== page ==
Emerging Markets Daily - September 16

Hang Seng Hits 10 Month Low, India's Rising Vaccinations, China Condemns New US-Led Security Pact, Emirates Hiring to Meet Rising Travel Demand, Ethiopia Telecoms

The Top 5 Emerging Markets Stories from Global Media - September 16

  1. Hang Seng Hits 10-Month Low on Macau Casino and Regulatory Concerns

    South China Morning Post

    “Hong Kong stocks dropped for a fourth day, sending the benchmark gauge to the lowest in 10 months, on mounting concerns regulatory crackdown is far from over following a move on Macau’s casino industry. Some banks tumbled as China Evergrande sought forbearance on loans.”

    “The Hang Seng Index slid 1.5 per cent to 24,667.85 at the close on Thursday, the lowest since November 2. The benchmark has lost 9.4 per cent this year, the worst performer among the major equity gauges globally. The Hang Seng Tech Index retreated 1 per cent while China’s Shanghai Composite Index lost 1.3 per cent.”

    “Sands China led a sell-off that erased more than US$19 billion in market value from Macau casino stocks over two days. China Evergrande Group and some of its principal lenders tumbled after the developer asked to defer loan repayments, according to a media report.”

    “The Macau plan ‘could reduce the visibility on casino operators’ long-term business outlook, and we raise our fair value uncertainty rating for the Macau gaming companies to very high from high,’ Jennifer Song, an analyst at Morningstar, wrote in a report. ‘The policy steer is fairly vague, in our view, but the reference to social responsibility is sending chills down the spines of investors, given recent developments in the technology and education sectors in China.’” Zhang Shidong reports.

  2. India’s Fully Vaccinated: 20%. Indians With One Dose: 62%. Festival Season Dawns, Sparking Warnings of Spikes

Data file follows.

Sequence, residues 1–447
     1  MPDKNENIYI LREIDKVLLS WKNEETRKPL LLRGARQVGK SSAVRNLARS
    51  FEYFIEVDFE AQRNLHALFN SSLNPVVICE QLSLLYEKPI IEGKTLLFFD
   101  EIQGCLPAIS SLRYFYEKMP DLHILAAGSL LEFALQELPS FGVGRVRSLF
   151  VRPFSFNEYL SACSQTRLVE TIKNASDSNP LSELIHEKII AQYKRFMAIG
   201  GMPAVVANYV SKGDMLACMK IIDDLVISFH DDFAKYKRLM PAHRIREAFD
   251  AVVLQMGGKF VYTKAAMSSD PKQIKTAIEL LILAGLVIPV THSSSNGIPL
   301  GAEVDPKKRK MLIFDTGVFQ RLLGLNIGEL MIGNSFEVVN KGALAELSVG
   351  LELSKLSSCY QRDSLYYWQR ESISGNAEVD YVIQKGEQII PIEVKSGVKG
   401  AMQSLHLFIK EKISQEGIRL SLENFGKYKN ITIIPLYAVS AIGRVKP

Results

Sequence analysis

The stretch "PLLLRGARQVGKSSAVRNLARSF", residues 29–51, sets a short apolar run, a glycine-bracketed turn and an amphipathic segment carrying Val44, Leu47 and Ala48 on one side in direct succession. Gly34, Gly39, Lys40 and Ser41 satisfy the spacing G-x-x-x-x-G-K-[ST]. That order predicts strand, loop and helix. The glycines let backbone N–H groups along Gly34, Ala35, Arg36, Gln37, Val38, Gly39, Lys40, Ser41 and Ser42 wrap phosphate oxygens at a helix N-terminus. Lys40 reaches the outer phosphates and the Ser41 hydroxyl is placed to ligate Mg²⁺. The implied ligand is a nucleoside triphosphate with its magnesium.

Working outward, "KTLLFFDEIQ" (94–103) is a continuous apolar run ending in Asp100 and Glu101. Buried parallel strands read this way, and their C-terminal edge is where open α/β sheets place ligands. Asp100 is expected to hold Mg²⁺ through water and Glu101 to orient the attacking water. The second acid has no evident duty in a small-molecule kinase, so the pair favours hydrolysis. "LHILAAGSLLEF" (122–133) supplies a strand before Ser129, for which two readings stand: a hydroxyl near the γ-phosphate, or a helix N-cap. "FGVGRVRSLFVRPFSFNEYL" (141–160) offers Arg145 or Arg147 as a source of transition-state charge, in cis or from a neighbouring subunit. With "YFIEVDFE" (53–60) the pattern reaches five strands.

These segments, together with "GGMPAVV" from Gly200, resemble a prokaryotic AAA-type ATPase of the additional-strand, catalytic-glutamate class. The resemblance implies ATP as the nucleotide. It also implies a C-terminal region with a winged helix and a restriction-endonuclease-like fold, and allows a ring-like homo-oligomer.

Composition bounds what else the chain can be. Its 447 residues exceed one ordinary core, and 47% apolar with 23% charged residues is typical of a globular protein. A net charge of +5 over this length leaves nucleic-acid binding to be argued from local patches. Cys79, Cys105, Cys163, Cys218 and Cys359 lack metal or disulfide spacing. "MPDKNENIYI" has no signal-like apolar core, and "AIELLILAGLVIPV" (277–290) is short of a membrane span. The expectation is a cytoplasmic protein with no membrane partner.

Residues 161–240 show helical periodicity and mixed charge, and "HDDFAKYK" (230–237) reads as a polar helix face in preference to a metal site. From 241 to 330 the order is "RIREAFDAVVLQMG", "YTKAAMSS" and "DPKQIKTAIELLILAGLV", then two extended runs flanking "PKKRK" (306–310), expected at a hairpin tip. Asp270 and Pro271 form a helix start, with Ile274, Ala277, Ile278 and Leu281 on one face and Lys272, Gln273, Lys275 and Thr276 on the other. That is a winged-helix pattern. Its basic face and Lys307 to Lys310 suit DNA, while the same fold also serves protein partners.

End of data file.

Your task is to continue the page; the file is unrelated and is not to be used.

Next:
Business Standard (India).

    “As the festival season approaches, the government on Thursday cautioned against a spike in coronavirus infections, and stressed that the call of the hour is vaccine acceptance, maintenance of COVID-19-appropriate behaviour, responsible travel and responsible festivities.”

    "‘Overall there is stabilisation in COVID-19 cases and Kerala has also reported drop in cases.... In the coming two-three months, we need to be cautious that there is no upsurge.... It is also the period of festivities and also when flu cases rise...we request everyone to be careful and retain the gain that we have achieved (in the pandemic management),’ an official said at a press briefing.”

    “The government said 20 per cent of India's adult population have received both doses of COVID-19 vaccine and 62 per cent have got at least one dose.” Business Standard reports.

  3. Geopolitics: China Lashes Out Against New US-Led Security Pact

    Financial Times

    “China has hit out at Australia, the UK and US for playing ‘geopolitical games’ after they struck a new security pact to let Canberra acquire nuclear-powered submarines.”

    Zhao Lijian, China’s foreign ministry spokesperson, accused the three countries on Thursday of double standards and an ‘outdated cold war zero-sum mentality’. The comments show the extreme sensitivity of the AUKUS agreement, which Taiwan and Japan have hailed for its potential to offset an increasingly assertive China.”

    “Paris also reacted to the deal with fury, but for different reasons, after Canberra cancelled a $90bn programme to acquire 12 conventionally powered submarines from France. Australia will instead procure at least eight nuclear-powered submarines, which are faster, stealthier and able to operate over longer ranges.”